How fund and wealth managers are trying to get the young to invest

A cocktail-making event featuring non-alcoholic ingredients is an unconventional way to attract the attention of young investors. 

Especially when most fresh-faced workers prefer to imbibe something a little stronger on a Thursday evening as the weekend draws near.

But this is the unorthodox tactic currently being used by upmarket stockbroker Killik & Co to attract new – and possibly younger – clients to the benefits of long-term wealth management.

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Investors can tweet its head of personal finance at @moiraoneill with questions or email [email protected] with the subject ‘Stupid Questions’.

Moira O’Neill says: ‘The world of investment is a minefield of jargon, and knowing how to get started can be intimidating. 

‘Terms such as platform, active management and robo adviser have nothing to do with railway stations, fitness or actual robots. So there can be few questions that are as stupid as some of the jargon the industry has invented.’

The broker also emphasises that investors do not have to be wealthy to invest – it is possible to get started from as little as £25 per month. With this group in mind Interactive Investor offers three ‘quick start’ low cost, passively managed funds from Vanguard.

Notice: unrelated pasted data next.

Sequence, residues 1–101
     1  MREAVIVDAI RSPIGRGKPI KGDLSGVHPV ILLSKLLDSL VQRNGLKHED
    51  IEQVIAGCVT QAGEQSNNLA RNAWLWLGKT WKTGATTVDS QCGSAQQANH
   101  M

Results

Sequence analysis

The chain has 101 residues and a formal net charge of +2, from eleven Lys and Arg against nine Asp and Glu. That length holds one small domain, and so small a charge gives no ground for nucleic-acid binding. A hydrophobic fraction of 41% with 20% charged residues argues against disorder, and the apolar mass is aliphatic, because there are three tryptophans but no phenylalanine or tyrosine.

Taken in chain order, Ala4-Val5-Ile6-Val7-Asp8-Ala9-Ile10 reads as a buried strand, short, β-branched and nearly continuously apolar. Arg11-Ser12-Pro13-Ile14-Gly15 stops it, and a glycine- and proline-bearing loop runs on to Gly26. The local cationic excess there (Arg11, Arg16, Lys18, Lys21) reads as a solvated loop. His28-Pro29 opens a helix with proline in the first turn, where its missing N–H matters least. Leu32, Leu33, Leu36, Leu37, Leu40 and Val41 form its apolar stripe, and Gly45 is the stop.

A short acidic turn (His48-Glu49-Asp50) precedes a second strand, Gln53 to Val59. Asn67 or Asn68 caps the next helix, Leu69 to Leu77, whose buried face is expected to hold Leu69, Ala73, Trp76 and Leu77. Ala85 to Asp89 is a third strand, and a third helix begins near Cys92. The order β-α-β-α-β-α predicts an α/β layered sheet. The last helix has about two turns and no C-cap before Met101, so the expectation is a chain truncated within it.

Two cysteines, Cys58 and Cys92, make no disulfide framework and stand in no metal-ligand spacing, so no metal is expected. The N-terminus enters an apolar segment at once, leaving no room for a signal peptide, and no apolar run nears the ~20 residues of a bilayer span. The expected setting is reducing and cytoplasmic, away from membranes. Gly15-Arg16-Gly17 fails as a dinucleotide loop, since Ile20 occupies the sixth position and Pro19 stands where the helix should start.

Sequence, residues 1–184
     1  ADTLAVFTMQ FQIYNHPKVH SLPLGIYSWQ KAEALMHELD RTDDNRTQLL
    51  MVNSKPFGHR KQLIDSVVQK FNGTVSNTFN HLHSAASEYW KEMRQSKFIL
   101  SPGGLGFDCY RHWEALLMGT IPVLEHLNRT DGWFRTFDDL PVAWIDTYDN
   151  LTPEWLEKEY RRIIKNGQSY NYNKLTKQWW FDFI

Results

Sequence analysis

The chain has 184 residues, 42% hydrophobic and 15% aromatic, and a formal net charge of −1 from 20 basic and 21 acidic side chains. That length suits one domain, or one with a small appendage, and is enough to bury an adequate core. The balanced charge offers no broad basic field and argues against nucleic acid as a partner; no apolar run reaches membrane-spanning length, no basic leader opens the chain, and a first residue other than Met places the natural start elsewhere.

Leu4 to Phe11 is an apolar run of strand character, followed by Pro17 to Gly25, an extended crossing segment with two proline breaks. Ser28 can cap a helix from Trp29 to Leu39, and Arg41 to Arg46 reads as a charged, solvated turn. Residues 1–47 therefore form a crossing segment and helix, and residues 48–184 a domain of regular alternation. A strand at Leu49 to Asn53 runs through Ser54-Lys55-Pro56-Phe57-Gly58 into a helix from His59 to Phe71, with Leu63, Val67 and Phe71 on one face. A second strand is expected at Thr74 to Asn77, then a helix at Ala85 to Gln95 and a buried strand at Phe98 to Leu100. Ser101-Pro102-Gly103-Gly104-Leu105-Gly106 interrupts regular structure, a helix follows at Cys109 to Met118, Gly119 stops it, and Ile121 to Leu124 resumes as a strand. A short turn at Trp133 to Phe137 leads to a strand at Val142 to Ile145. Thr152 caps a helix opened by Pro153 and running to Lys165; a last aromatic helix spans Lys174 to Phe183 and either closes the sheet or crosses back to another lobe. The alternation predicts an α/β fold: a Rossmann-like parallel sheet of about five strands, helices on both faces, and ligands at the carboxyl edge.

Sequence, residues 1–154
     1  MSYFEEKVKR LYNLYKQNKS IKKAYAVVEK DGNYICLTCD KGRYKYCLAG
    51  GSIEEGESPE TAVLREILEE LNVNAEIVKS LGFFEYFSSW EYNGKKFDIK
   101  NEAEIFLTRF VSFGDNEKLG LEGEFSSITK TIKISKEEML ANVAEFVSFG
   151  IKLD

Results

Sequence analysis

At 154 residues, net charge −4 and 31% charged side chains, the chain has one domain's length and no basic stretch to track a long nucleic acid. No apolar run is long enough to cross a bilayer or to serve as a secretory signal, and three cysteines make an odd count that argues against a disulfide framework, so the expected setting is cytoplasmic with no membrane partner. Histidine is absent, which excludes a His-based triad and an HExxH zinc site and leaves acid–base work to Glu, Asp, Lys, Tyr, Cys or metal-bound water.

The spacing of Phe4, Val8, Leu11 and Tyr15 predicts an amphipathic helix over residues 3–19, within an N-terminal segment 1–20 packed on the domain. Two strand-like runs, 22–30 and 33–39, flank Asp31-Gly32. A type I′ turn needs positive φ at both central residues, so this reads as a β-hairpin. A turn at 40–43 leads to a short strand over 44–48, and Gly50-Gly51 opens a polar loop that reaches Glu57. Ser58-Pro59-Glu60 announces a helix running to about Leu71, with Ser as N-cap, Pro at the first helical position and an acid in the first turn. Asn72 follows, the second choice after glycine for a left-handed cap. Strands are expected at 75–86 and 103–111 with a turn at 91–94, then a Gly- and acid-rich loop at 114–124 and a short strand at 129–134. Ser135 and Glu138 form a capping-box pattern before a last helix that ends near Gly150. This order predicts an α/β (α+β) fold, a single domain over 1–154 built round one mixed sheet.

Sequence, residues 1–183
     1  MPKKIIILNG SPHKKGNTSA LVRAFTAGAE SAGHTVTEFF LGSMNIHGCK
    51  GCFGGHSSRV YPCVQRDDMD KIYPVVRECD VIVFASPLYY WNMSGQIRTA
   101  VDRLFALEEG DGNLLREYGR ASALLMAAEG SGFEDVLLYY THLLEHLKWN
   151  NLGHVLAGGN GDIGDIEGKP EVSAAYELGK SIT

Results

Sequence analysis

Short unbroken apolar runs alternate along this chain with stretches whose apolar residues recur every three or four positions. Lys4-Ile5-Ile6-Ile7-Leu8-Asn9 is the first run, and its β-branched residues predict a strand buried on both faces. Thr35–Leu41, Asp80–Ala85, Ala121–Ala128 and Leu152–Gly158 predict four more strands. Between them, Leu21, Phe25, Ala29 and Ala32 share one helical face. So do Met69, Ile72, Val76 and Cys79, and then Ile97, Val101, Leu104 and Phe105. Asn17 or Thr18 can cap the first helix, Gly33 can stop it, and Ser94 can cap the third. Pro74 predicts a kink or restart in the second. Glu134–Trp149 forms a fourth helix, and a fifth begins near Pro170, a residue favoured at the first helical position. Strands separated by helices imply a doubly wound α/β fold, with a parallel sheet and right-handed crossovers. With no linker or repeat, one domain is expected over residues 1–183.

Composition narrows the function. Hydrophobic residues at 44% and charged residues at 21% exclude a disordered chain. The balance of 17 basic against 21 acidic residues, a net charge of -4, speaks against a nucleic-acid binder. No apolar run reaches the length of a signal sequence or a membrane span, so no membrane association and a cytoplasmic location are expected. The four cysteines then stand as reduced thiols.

A new sharebuying app called Freetrade was launched last year with the aim of offering a low cost challenger service to expensive and stuffy stockbroking services. 

So far 15,000 investors have signed up with 75,000 more on its waiting list. The app allows investors to buy shares, exchange traded funds and investment trusts for free – so long as purchasers are happy to join with other customers to buy via a ‘basic order’, which is made at 4pm each day. 

Those who want to make an instant order rather than gamble on what might happen at one point in the afternoon can pay £1 a trade. This compares to £10-£12 charged by many mainstream brokers.

If customers want to hold stocks and shares in an Isa the fee is £3 a month. Founder Adam Dodds says: ‘Our app means people can start investing for no cost.’

The app has a few tweaks in the pipeline. For example, customers at the moment can only make purchases by a bank transfer but debit card facilities will follow soon. It also hopes to eventually give investors access to fractional shares. 

For example, Facebook shares cost $170 (£130), with a single share potentially out of reach for many who would like to have a piece of the social media company’s potential future success – with fractional shares they might be able to buy exposure for just £10.

Freetrade holds monthly gatherings aimed at first time investors, explaining the advantages of stock market investing ‘over beer, wine and pizza’. Investors can also exchange ideas via the app’s online community.